The newest addition to our 'Tell Us Your Story' campaign.
Brian Ross: Scotland should be part of the UK
Another contribution to our 'Tell Us Your Story' campaign.
Donald Thomson: Why Bring Disunity Where None Exists?
Continuing with our 'Tell Us Your Story' campaign, today we have a short piece from Tom Hinde.
Tom Hinde: I am a Scot
Today's contribution to our 'Tell Us Your Story' campaign is from Fiona Annesley: Thought of Indyref2 is Deeply Depressing.
Here is a longer than normal contribution to our 'Tell Us Your Story' campaign.
For the last few years, we have seen more and more City Region Deals being planned and put in place. What’s striking about these deals is they show how the UK can work when our politicians get on with the job.
The latest contribution to our 'Tell Us Your Story' campaign is an anonymous one.
Anonymous Supporter: I cannot put my head above the parapet
Here is a contribution from Pauline Eggermont to our 'Tell Us Your Story' campaign.
Pauline Eggermont: I am a Child of the UK
Today's short story contribution to our 'Tell Us Your Story' campaign comes from Scotland in Union supporter David Curliss.
David Curliss: Why I believe Scotland is better off in the UK.
In the latest update from our 'Tell Us Your Story' campaign Keith Howell explains what Scotland in Union means to him.
Keith Howell: What Scotland in Union means to me
Our latest contribution to our 'Tell Us Your Story' camapign comes from Scotland in Union supporter Gordon Bannerman: Scotland in the UK.
This is the latest contribution from our 'Tell Us Your Story' campaign.
This story is from Scotland in Union supporter Andrew Mounstephen: Scotland and Me
The new Type 26 frigate will be the ninth Royal Navy warship to bear the name 'HMS Glasgow', with one of the service's senior officers saying that the construction of the new Type 26 frigate was "symbolic of a Royal Navy on the rise once again".
Tell Us Your Story
Here is another of our short stories from one of our supporters, this time Alan McGregor: The Most Successful Union of All
We recently asked our supporters to send us their thoughts for our 'Tell us Your Story' campaign. The response has been fantastic and this week we have started sharing these stories with everyone.
Here is Scotland in Union supporter Robbie MacNiven with his short story: Drive for 'Yes2' has collapsed
Last September, Scotland In Union hosted an event at which Canadian journalist Peter Scowen spoke about the damage caused to Quebec’s economy by the threat of independence, and the ‘neverendum’ which persisted until the nationalists lost power there.
Here in Scotland, Nicola Sturgeon has recently revised her plan to try to call ‘indyref2’ by 2019, but still says she will attempt to bring one forward at the time of her choosing, telling the BBC that she thinks it will be before 2021. Welcome to Scotland’s own neverendum.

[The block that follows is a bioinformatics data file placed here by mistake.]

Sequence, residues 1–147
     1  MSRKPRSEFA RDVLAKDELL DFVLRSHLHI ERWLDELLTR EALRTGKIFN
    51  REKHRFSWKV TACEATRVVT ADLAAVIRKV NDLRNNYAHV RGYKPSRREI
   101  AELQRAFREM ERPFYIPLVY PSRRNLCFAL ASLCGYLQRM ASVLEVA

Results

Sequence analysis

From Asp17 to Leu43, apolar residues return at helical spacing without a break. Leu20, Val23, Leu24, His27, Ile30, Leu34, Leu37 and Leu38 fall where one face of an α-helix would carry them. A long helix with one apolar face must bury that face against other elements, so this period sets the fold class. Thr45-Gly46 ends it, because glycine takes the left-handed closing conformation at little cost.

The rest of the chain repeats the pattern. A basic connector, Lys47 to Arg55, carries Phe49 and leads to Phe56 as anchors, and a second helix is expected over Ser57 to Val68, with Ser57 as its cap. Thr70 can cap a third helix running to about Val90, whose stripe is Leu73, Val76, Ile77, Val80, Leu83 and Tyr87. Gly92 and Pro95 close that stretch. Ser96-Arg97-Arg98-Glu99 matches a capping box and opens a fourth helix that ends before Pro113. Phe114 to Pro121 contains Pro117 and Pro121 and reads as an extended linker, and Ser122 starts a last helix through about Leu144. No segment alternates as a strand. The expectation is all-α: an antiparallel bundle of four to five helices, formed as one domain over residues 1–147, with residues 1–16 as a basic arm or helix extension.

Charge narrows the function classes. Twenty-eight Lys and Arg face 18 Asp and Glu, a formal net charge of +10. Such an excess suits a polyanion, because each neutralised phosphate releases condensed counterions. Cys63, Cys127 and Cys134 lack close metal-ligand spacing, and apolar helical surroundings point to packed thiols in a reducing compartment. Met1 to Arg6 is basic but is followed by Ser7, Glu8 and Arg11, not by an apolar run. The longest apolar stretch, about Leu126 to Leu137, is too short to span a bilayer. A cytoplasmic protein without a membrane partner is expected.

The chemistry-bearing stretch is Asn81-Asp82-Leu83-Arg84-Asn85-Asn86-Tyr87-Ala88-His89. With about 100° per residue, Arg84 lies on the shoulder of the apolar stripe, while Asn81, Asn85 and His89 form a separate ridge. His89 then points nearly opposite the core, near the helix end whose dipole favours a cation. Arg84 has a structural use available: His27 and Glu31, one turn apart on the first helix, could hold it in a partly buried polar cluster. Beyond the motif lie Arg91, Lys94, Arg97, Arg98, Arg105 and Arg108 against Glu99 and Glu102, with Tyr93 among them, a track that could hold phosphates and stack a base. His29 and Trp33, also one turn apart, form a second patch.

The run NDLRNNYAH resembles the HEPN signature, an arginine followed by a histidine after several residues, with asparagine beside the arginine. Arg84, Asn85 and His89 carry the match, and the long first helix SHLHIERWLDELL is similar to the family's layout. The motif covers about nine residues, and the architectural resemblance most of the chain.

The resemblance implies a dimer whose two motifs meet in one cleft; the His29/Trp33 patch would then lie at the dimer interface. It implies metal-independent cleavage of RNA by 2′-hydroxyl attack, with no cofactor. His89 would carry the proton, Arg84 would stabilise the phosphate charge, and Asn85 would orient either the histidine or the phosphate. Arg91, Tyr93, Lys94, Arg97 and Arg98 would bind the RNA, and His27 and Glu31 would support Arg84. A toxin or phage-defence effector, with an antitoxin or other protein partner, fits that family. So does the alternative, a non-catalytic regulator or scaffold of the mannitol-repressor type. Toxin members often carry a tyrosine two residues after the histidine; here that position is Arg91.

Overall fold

The neverendum effect harms Scotland. It distracts elected representatives from the effective use of devolved powers; it perpetuates the divisions of the 2014 campaign and it has a chilling effect on business confidence.
I have recently spoken with a small business which is closing in Edinburgh and focusing on the North of England; a senior executive in a Scottish-based bank saying his company would move south if there was independence; and an investment professional who can point to deals which were going ahead despite Brexit, but are now on hold following Ms Sturgeon’s referendum announcement in March.
Of course these are anecdotes; of course they are anonymous; and of course I am more likely to be speaking with pro-UK businesses. But the doubts are there.
The cases I cite are unattributed because many businesses are reluctant to speak out. This is a mystery: when it is in the long-term interests of owners, customers and shareholders to support stability and free trade, why don’t more businesses speak up?
One response is that “they don’t want to lose a third of their customers”, but businesses with strong brands and sound models need not worry. A few extremists might get upset, but speaking up for the UK has done Tunnock’s and Barrhead Travel no discernible harm; and nor has manufactured outrage at union flag labelling dealt a mortal blow to Hovis, or forced Tesco to discontinue raspberries as a product line.
Another explanation is that businesses worry they will lose custom from the Scottish Government, or that they might be treated less fairly if they take a stance. While direct evidence of this may be hard to find, I’ve spoken with business owners who express that concern, and say it keeps them quiet. The good news on this front is that the SNP’s dominance of Scottish politics is waning, which should encourage greater frankness.
So, what can businesses do? First of all, they can speak out directly – as Ross McEwan, CEO of RBS, did at their 2016 AGM, saying RBS would relocate its HQ if Scotland left the UK. Others should follow this lead.
Smaller firms can also lobby their trade bodies and industry groups. And these bodies can be bolder in representing the majority of Scotland’s employers, who contribute most to the economy, rather than lapsing into silence because of a few vocal nationalist members.
We have seen signs of this at the UK level, with business groups taking clear positions on the kind of Brexit their members want. It’s now time for the main businesses and business groups in Scotland to speak up about the neverendum.